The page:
Amira grudgingly admits to herself that Duncan is kind of attractive, both inside and out. While they clash on more than one occasion, they also have some heartfelt conversations that lead to kissing and then more. Interestingly, there is some discussion between them of power dynamics when it comes to sex, as Amira likes to take charge, and Duncan likes to be bossed around. While you’d think this would lead to some hot BDSM type sex scenes, we don’t know – because they are closed door scenes. So hot kisses – check – but the rest is left to the reader’s imagination, which I confess I found somewhat frustrating and a bit of a tease. It seems an odd choice to go into discussions of kink but then not follow through on the page. But they both seem quite satisfied with whatever they end up doing and in a short period of time, Amira finds herself getting quite attached to her lumberjack.
As I alluded to in the introduction, there is more meat to this story than just the romance. Amira’s Indian culture is strongly represented in terms of cuisine and fashion, but like any traditional culture, the conflict between the older and younger generations is unavoidable. Her Nanima’s thoughts on homosexuality are negative and while one of Sameer’s purposes in bringing the quartet to Toronto was to introduce Travis as his partner to his own grandmother, that’s easier said than done. For a time, Amira ends up pretending to be Sameer’s girlfriend, his ‘beard’ to hide the fact that he and Travis are a couple. It’s not ideal, and the secondary romance between Sameer and Travis takes all sorts of twists and turns before being resolved. Amira’s own mother, divorced for a long time from Amira’s father, is going through her own issues relating to sexuality and acceptance. Amira’s relationship with her mother, her Nanima, and her much younger sister Zahra are explored in depth alongside her romance with Duncan.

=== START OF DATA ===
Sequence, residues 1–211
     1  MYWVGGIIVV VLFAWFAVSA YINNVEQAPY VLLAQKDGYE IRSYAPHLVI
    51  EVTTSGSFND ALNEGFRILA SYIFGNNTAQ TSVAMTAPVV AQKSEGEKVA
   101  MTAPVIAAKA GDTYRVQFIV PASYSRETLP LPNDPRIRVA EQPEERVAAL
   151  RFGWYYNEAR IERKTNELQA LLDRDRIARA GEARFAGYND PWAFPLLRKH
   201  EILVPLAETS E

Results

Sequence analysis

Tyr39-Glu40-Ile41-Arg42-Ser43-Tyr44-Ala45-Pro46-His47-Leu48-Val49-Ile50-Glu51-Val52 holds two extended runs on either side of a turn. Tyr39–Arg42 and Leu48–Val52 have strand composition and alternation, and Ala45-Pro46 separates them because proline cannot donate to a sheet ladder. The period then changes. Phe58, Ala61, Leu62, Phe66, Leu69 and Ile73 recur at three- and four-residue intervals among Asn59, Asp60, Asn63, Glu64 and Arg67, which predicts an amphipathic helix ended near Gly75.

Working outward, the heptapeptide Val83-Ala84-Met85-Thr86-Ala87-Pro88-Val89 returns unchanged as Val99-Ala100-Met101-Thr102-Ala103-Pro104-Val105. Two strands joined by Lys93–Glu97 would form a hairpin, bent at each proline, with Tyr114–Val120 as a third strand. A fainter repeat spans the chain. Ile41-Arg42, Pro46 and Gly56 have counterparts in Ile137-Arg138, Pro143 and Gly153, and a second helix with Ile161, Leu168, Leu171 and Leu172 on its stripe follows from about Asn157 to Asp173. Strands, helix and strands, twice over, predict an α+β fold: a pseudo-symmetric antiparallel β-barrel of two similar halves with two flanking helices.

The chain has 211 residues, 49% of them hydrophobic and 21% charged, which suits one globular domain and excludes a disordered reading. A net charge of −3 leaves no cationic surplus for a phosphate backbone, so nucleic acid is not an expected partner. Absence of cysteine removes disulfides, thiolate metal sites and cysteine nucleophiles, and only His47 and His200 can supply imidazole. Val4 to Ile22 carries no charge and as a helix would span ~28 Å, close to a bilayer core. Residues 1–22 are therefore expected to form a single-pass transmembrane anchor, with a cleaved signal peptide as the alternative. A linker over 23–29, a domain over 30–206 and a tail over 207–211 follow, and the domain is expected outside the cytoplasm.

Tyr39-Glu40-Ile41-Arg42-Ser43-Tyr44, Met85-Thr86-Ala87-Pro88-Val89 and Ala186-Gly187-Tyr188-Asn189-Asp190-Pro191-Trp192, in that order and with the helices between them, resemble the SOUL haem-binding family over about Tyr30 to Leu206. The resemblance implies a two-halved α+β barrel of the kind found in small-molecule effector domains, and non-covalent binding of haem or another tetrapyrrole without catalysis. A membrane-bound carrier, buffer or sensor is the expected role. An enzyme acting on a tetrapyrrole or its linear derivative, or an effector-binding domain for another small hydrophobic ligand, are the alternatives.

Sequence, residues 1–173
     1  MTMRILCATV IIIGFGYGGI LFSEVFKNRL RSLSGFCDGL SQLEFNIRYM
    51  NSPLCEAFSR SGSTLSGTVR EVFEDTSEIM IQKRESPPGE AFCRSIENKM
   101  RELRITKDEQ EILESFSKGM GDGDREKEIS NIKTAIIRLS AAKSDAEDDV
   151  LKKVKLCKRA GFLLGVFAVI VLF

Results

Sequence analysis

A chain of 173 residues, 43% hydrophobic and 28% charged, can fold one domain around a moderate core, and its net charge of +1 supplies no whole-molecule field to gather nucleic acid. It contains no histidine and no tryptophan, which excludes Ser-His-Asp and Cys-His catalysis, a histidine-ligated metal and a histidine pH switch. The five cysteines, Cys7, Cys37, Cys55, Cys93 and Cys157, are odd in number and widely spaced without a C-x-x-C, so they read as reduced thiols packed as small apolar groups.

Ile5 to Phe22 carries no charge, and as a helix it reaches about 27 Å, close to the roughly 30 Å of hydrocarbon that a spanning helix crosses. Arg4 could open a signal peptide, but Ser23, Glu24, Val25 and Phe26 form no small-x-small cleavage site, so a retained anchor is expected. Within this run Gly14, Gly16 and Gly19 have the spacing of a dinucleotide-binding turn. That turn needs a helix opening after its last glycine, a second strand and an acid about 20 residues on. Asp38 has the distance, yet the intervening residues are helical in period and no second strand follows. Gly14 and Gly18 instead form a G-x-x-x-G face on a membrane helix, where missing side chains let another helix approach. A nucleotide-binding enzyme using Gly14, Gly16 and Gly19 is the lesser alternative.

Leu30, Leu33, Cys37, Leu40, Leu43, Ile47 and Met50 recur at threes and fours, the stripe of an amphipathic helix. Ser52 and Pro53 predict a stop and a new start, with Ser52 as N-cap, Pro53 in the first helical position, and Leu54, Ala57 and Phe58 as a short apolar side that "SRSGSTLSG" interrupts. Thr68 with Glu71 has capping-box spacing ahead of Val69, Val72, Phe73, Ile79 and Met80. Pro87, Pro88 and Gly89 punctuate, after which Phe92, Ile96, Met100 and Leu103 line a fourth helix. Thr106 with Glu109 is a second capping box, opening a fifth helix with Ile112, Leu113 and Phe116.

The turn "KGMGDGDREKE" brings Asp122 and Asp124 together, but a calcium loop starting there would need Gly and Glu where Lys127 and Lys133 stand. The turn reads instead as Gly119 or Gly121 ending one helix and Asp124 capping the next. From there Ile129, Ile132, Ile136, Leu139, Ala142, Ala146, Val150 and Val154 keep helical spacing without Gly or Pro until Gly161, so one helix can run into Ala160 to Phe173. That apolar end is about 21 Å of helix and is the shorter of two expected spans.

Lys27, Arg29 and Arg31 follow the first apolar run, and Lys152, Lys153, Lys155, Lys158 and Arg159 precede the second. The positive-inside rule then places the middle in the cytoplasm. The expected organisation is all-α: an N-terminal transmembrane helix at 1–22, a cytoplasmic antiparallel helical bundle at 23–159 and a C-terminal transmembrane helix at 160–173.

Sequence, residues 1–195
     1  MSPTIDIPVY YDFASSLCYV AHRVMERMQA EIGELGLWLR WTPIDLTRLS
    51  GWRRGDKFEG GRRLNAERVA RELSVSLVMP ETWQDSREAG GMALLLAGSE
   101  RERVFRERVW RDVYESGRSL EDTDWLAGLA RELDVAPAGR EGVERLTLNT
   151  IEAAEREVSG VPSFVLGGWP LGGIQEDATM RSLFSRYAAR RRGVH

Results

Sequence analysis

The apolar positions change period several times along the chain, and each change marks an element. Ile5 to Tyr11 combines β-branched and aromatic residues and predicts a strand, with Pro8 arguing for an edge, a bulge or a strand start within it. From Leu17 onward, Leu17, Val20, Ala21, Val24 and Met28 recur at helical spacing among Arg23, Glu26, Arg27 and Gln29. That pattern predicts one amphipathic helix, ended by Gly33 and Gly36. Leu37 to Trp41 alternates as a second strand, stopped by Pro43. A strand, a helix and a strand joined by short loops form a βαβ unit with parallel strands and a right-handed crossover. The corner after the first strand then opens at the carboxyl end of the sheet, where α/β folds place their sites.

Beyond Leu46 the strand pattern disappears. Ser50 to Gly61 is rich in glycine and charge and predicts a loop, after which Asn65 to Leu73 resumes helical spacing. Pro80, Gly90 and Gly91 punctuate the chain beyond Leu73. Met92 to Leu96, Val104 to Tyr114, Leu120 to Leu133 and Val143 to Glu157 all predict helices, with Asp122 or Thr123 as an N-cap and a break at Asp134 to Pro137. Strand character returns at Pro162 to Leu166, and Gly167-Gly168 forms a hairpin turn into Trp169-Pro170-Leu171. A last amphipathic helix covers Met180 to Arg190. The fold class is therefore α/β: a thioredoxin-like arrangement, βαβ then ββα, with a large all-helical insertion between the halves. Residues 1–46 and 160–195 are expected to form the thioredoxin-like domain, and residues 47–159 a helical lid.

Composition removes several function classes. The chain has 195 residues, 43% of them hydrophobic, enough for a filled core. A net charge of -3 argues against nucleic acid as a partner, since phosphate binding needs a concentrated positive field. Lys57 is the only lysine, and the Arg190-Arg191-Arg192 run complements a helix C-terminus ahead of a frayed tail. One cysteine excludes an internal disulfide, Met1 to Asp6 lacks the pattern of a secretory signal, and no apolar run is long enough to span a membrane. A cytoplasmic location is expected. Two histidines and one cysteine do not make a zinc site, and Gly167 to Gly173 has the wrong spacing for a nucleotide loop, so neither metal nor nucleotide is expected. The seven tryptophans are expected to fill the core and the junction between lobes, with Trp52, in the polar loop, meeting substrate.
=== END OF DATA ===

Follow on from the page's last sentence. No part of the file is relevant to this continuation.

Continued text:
But that’s not all. Amira is also dealing with the effects of a racial profiling incident a year earlier at the US border where she ended up becoming a news item, an event she’s still trying to put behind her. She’s angry – angry that her identity as a muslim and an Indian make her a target for online trolls (she ended up disabling her social media) and that anger seeps into her daily life. It’s not helped by the fact that her workplace – where she’d hoped to return after her master’s degree is finalized – seems to have regressed to a more misogynistic time. Her new male boss clearly doesn’t respect her capabilities, and the man she’s warmly thought of as her mentor may not be as delighted with her skills and intellect as she’d thought. And just when she and Duncan are finally getting along so well, another ugly incident reminds her that trusting people can incur a big cost.
The author covers a lot of heavy topics but makes them real by showing them through Amira’s eyes. Life is not fair, especially if you’re not a white male, and Duncan is the perfect foil for Amira’s anger. But his ability to try to understand and empathize, accept his own culpability where necessary and be a backbone and support for Amira show his willingness to be a true partner, one whom Amira soon realizes she wants in her life permanently, and their happy ending is sweet and believable. The Chai Factor is an enjoyable and thought provoking character driven romance and is definitely worth the read.